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Despite being the "backbone" of developing economies, poor dryland farmers are often sidelined in terms of governmental support, says William Dar.

Dar, director-general of the International Crops Research Institute for the Semi-Arid Tropics (ICRISAT), says that in addition to financial support, dryland farmers need better policies, more effective institutions, improved infrastructure and better access to higher quality inputs such as seeds.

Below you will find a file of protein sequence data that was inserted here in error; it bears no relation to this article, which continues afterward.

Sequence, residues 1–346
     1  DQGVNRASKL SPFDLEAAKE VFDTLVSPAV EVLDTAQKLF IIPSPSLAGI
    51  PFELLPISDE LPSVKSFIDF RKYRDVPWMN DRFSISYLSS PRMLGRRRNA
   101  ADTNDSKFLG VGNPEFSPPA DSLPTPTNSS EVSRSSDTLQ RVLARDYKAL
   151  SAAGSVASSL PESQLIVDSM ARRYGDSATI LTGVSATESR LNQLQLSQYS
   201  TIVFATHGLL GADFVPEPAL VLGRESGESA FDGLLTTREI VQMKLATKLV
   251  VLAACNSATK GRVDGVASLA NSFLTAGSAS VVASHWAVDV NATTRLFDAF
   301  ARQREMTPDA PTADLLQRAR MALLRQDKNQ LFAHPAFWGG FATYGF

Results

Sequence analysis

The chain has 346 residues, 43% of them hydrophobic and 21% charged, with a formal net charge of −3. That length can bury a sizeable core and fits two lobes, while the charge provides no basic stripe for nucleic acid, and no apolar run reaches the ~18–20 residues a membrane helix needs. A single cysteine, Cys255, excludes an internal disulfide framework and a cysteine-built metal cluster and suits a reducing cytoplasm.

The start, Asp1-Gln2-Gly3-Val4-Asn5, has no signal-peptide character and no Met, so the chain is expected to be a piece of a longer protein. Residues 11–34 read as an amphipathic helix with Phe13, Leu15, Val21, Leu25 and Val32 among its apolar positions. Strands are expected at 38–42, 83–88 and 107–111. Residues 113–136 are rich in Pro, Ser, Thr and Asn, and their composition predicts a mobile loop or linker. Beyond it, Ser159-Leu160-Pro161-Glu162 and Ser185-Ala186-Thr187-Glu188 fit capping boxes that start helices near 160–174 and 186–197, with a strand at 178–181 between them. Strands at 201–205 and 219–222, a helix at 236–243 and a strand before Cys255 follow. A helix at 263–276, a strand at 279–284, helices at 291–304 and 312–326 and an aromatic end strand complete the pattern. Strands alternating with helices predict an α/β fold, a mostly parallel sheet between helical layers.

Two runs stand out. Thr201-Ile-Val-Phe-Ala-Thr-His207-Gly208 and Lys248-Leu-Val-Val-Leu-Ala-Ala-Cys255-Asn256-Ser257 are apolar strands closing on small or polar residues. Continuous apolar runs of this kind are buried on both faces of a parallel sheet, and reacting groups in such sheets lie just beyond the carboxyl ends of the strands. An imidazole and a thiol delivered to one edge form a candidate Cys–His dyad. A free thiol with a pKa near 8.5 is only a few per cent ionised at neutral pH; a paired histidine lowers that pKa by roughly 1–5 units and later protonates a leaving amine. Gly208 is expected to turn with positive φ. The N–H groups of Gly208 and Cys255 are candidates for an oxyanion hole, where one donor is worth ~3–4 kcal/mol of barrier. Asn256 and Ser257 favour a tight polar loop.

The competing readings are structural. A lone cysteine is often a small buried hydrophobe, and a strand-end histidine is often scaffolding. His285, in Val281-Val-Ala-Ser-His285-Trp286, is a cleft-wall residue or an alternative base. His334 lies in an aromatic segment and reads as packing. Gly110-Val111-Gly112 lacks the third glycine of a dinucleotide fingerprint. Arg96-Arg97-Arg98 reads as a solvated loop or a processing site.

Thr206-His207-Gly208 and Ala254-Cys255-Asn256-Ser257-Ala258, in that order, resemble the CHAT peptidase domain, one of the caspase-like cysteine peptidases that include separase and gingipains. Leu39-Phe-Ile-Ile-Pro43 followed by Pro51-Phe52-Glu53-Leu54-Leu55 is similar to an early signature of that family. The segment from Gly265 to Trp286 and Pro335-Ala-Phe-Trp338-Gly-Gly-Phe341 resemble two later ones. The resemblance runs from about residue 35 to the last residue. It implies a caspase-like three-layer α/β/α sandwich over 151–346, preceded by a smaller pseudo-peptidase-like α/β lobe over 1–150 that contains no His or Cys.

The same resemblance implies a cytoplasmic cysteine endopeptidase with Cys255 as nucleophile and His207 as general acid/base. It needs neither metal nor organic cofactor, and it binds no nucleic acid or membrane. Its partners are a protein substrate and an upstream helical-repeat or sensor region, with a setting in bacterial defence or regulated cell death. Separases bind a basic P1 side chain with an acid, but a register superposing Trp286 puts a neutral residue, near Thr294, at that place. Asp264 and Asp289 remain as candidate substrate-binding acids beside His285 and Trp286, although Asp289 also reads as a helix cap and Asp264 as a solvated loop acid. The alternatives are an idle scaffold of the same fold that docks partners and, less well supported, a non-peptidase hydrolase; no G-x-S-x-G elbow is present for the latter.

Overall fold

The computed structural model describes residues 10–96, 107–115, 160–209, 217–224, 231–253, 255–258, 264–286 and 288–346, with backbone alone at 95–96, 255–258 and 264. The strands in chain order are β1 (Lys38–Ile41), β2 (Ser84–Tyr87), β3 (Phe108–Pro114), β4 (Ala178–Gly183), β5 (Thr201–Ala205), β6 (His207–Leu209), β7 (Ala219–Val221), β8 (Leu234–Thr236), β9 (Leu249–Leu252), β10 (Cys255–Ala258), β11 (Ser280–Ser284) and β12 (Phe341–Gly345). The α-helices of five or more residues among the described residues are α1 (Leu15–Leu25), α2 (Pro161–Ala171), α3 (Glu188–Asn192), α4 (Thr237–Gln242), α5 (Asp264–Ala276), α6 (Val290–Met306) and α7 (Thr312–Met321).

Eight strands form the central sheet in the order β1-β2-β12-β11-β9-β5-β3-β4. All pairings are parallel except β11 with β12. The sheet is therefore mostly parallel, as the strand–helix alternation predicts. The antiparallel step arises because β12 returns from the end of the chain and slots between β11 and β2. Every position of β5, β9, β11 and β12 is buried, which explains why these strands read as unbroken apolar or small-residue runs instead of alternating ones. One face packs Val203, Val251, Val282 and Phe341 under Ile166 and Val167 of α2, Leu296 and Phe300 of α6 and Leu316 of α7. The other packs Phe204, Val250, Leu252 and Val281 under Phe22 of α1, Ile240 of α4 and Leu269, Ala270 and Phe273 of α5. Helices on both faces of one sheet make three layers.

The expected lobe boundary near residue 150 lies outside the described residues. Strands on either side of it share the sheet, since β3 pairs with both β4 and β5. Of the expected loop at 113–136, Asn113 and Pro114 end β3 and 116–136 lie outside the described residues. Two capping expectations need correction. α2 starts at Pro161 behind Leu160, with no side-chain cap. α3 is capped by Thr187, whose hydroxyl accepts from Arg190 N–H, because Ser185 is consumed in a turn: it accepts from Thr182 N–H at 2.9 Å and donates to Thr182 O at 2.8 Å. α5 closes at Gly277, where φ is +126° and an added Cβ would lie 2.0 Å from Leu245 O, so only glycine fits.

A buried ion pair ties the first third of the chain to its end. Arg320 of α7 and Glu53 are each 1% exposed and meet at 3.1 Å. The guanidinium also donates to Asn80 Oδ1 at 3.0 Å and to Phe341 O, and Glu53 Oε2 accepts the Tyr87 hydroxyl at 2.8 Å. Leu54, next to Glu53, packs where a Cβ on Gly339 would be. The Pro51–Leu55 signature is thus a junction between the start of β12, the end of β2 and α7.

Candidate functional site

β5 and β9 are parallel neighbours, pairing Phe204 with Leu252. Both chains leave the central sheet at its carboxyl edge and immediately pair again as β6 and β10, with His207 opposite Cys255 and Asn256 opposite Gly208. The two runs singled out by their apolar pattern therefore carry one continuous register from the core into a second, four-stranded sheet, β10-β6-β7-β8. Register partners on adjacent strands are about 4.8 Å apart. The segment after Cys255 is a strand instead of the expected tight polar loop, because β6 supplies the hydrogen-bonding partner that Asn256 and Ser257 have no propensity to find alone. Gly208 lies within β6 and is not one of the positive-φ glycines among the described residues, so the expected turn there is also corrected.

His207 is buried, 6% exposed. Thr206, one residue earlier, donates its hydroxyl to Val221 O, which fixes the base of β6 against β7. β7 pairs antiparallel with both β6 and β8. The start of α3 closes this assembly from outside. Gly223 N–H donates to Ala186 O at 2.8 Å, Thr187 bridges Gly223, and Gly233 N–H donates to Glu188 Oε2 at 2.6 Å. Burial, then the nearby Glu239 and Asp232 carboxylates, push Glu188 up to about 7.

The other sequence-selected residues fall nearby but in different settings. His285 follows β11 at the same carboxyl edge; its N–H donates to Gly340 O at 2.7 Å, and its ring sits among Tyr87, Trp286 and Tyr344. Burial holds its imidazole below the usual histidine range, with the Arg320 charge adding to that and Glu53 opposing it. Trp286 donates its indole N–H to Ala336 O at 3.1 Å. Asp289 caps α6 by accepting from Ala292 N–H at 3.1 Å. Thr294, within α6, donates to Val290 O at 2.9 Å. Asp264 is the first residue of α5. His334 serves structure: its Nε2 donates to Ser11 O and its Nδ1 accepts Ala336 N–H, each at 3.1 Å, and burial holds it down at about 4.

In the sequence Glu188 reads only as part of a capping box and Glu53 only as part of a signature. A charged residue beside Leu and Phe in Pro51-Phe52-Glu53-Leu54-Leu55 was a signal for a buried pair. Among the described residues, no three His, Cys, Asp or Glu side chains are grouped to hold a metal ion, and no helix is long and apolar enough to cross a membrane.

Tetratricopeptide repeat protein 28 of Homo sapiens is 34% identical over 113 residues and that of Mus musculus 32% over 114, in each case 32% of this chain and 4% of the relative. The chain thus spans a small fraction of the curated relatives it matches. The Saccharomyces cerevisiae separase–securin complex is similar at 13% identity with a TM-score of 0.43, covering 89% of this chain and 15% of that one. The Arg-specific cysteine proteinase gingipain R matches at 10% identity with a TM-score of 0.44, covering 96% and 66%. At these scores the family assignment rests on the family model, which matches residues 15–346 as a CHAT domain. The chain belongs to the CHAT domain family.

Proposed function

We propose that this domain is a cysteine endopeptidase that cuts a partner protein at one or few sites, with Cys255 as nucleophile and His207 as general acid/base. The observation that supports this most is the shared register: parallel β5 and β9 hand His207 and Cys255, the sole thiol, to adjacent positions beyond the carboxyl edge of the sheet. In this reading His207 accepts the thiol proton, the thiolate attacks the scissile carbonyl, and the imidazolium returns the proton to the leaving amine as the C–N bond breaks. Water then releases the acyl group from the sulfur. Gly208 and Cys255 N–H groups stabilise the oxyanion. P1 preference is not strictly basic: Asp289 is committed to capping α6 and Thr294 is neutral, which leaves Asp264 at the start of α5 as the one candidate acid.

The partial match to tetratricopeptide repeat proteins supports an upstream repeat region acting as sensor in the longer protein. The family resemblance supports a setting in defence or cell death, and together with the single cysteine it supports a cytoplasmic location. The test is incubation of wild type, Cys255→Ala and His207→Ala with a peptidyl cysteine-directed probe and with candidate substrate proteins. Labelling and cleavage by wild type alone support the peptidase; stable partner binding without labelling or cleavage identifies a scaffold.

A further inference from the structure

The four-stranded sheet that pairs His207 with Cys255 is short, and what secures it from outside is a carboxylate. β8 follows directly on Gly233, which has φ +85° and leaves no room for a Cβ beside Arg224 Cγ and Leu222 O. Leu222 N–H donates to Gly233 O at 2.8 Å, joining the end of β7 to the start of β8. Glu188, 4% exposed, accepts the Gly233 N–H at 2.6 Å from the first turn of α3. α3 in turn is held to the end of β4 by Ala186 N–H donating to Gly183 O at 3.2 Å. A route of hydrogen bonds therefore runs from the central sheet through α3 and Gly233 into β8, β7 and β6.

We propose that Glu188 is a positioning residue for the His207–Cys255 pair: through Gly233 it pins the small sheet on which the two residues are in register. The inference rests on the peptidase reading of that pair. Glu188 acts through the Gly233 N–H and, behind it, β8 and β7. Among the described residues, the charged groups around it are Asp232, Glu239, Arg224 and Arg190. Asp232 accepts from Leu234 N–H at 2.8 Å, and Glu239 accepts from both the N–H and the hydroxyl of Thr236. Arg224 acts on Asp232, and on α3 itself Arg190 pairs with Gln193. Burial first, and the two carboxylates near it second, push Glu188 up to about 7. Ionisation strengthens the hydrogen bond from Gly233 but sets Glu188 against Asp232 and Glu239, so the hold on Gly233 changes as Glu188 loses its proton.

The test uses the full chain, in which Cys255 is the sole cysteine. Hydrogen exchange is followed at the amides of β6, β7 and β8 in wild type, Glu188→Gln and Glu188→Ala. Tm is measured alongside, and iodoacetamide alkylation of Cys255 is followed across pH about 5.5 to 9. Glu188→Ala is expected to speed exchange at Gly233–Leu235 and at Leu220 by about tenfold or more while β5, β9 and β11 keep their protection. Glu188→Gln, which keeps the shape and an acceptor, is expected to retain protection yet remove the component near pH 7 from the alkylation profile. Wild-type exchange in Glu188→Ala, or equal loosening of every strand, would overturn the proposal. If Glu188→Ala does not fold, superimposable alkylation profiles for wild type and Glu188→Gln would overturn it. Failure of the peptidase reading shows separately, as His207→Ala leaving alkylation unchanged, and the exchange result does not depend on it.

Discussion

Agricultural research, which usually receives less than one per cent of public money, should also be better funded, says Dar, as it plays a crucial role in improving crop yields and farmers' income. The Consultative Group on International Agriculture Research recently found that every US$1 spent on international agricultural research leads to US$9 worth of additional food produced in developing countries.

Proactive measures by governments in support of dryland farmers could alleviate the global food crisis, concludes Dar.

Link to full article in Business Daily Africa